I just started reading Stanislavski’s An Actor Prepares, which is the first of his three seminal works on the acting process. I decided to read it when I saw a friend reading it to work on her acting career; I’m reading it because I have enjoyed acting when I’ve done it, also because I have found acting difficult when done right, and also because I thought it might be an interesting approach to writing. I think for that third thing to work, I might end up reading all three of his books, not just this one.
But I got it from the library in Tucson, which means I have to finish reading it by Tuesday night, as I leave Wednesday morning. I had trouble getting it from the Boston library. It’s quite interesting so far–somewhat fiction, somewhat like a diary, rather than just “Hi, let me teach you some shit about acting.” I think writers’ guides could take a note from that approach. But now that I’ve trained myself to be critical about fucking everything ever, I’m having trouble getting through it, and so I’m only on page 10.
This is partly because, at least for the kind of reader and thinker I am, this is a book that demands to be read with a notebook at your side for jotting down quotes you want to remember, activities you want to try, or ideas you come up with. It is not a book for bathtub reading, which is what I thought when I decided to Blanche DuBois out and take a bath this morning. My bigger problem, though, is that this book puts me in the position of deciding whether it is worth it to read a good book and just ignore its problematic parts (lots of racism going on already for 10 pages), or if I should read it, love it, and then go back and criticize it on a different level, or throw it away in a fit of rage already.
I can tell I’m going to really enjoy this book as a riff on the creative process. Take, for example, this:
Many of these movements I felt to be in a high degree successful. I had worked almost five hours without noticing the passage of time. To me this seemed to show that my inspiration was real.1
When I worked at home today I still went over the old ground without finding anything new. Why do I keep on repeating the same scenes and methods? Why is my acting of yesterday so exactly like today’s and tomorrow’s? Has my imagination dried up, or have I no reserves of material? Why did my work in the beginning move along so swiftly, and then stop at one spot? As I was thinking things over, some people in the next room gathered for tea. In order not to attract attention to myself, I had to move my activities to a different part of my room, and to speak my lines as softly as possible, so as not to be overheard.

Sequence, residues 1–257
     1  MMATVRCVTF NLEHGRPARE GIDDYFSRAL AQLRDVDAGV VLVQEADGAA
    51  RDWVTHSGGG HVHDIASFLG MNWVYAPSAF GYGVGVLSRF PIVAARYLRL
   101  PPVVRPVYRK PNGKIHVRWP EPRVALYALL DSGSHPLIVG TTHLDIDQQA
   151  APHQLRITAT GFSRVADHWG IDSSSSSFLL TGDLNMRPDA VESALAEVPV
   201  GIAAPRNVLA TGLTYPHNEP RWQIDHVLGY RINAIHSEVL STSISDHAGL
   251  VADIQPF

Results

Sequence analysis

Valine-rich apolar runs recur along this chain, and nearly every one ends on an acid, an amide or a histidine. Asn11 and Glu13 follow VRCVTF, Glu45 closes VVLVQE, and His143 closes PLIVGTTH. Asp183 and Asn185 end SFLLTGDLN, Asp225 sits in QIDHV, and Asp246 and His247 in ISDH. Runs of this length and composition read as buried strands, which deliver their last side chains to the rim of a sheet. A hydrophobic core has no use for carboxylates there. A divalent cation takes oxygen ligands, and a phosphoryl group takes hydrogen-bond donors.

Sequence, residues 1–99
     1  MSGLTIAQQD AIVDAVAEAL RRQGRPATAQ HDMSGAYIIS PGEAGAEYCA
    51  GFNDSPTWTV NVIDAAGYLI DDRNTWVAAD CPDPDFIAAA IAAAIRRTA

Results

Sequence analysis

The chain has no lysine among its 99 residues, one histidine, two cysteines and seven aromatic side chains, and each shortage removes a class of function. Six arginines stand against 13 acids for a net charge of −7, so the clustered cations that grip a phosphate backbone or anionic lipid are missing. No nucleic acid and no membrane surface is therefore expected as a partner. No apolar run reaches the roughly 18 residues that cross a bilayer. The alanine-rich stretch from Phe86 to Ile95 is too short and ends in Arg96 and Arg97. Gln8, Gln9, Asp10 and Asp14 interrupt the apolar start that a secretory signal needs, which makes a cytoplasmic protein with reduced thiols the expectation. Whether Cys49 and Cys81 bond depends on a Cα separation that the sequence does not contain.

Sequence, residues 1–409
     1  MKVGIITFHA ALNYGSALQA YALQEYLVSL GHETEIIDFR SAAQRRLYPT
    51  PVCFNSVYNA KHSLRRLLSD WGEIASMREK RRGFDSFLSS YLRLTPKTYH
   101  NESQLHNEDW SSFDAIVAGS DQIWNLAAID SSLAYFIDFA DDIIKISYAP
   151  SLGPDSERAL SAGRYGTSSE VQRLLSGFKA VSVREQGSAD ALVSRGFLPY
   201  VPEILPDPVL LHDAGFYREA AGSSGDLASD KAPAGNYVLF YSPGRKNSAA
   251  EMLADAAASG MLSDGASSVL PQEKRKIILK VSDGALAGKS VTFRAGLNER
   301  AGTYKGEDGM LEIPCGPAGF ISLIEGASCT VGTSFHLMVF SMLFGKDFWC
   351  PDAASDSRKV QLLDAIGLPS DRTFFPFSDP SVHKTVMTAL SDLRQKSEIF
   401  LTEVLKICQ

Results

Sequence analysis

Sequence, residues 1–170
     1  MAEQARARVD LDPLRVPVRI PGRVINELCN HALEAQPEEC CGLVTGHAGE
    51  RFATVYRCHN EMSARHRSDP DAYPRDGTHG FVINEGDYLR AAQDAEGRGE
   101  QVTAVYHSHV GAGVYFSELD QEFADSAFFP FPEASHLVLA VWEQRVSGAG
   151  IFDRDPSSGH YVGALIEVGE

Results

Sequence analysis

To my surprise, by these little changes, my mood was transformed. I had discovered a secret–not to remain too long at one point, for ever repeating the too familiar.2
See? Good stuff. I’m going to love it. But already, the narrator’s first project is to embody the character of Othello. First, that reminds me that I need to read that play. Second, though, the blackfacing and method acting techniques–“my general aspect was modern and civilized, whereas Othello was African in origin and must have something suggestive of primitive life, perhaps a tiger, in him”3–are obviously outdated (or not? that could be what’s scary). They reflect none of the things I find necessary to intellectual discussion–i.e. abandonment of offensive tropes and stereotypes in favor of recognizing privileged positions and being fair in descriptions of PoC; identification of the actor’s own background, identity, and physical description to qualify why these accoutrements or changes are considered necessary, or, hell, even basic political correctness would be a start.
So do I keep reading? I’m quite sure that this book is about much more than deciding how to be a white dude playing a Moor, but now I’ve been trained to look twice at these things. But how do I move on from there? Am I allowed to still love the book? (Years ago, in junior English, I wrote a paper defending the word “nigger” in Huckleberry Finn, but I’m sure that was weak and it was pre-me reading Racialicious and taking ethnic studies classes in college.) Can I chalk the racism up to context, make sure I acknowledge it, but still appreciate the other merits of the book? Also, how can I identify with the ideas presented in the books when it clearly presents a worldview and intellectual position that presupposes that I and anyone like me is incapable of or at least uninvited to taking part in its ideas and practices?
I feel like somewhere in me I know the answer, but I can’t figure out how I am supposed to approach my continuation of reading. But I think I will really find the book valuable. Still, though. Generally, I feel like the more education and training I receive in reading and criticism and media and art, the more I want to explore and think and try and continue learning. But also, the more skills I get in criticism, the more confused I get as to how I apply them. Help.
All footnotes, obvi:
Stanislavski, Constantin. An Actor Prepares New York: Routledge, 2003.